I found this book almost disorienting to read, but yet I couldn’t put it down as I was drawn into Billy Pilgrim’s world, and the way he perceived what was going on around him. Yet, I don’t believe i would’ve read beyond the first chapter, if it hadn’t been written in the way it was. The story of a man struggling to come to terms with what he needs to write, and how to write it.
A definite re-read for me, and still one of the most charming books I’ve ever read. There is not a time where I’ve re-read these books that I haven’t fallen directly into the magical world once again.
J.K Rowling isn’t an amazing, wonderful technical writer, but she writes her characters with such heart that any flaws seem to fall by the wayside. I love this book as it is, an introduction to something so much more, and a world that has grown beyond just literature.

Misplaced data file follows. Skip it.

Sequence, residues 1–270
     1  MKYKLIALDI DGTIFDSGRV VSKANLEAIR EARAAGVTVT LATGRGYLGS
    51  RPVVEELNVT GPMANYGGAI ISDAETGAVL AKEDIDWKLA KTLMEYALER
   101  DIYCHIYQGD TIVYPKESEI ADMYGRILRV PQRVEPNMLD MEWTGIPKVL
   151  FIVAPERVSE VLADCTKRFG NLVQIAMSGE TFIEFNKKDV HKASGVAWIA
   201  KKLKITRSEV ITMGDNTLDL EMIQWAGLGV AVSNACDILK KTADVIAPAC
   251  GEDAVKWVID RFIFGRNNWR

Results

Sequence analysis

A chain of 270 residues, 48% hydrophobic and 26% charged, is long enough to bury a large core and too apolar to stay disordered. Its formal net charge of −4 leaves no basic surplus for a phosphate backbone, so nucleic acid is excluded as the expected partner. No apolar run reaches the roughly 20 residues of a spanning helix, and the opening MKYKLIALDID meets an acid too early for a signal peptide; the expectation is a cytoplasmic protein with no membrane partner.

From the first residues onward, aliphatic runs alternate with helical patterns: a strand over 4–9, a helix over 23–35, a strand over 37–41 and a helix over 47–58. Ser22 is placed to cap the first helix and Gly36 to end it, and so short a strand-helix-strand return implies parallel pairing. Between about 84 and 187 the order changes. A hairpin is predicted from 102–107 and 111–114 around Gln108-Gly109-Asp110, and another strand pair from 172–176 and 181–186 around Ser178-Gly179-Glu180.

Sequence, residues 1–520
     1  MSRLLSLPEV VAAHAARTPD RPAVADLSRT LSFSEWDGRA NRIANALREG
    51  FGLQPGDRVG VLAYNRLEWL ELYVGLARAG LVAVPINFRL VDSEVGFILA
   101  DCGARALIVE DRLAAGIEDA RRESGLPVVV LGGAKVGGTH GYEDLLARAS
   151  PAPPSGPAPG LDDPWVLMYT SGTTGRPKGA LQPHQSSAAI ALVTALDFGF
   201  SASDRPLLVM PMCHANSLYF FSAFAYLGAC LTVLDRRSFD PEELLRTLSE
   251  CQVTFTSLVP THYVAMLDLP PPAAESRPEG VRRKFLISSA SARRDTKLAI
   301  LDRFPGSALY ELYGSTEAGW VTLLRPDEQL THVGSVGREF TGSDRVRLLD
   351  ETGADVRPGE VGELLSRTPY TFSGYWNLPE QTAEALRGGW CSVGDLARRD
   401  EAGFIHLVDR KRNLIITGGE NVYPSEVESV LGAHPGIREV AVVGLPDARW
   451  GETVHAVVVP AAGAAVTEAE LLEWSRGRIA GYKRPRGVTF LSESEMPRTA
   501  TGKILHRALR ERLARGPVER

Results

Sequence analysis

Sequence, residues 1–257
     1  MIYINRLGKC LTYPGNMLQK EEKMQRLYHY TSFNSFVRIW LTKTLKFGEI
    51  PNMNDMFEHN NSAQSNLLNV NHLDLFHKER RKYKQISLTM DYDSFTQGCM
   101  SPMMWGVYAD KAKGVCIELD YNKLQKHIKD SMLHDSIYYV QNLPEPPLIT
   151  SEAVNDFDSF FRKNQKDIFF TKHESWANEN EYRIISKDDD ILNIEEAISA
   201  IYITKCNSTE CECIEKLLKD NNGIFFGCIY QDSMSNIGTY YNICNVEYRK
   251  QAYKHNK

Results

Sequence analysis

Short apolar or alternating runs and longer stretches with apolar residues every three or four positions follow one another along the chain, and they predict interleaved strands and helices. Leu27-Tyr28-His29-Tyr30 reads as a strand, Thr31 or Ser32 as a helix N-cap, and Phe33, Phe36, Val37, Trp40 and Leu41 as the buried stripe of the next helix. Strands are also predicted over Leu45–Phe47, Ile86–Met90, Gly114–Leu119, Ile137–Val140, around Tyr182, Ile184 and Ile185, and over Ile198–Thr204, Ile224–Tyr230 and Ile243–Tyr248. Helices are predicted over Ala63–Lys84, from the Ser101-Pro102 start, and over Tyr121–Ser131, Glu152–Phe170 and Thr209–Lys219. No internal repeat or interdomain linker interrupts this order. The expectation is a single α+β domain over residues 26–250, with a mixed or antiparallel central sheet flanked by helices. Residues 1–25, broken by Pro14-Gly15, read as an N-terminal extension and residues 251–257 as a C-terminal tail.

I didn’t really know what to think of this book at first. I found the language used, instead of swearing to be honestly jarring at first before I settled into the story. It pulled me in and I was intrigued, brain working to try and figure out what the maze could mean and why children? I know, logically dystopian fiction does seem to be the most popular genre in YA literature as of late, but each writer has their reason.
I grew to enjoy the characters, even though they weren’t people I would like in real life, Thomas filled with a sense of morals that he couldn’t necessarily reconcile with any sort of memory, Teresa with her mind-speak, Chuck with his good humour and in the end protective nature.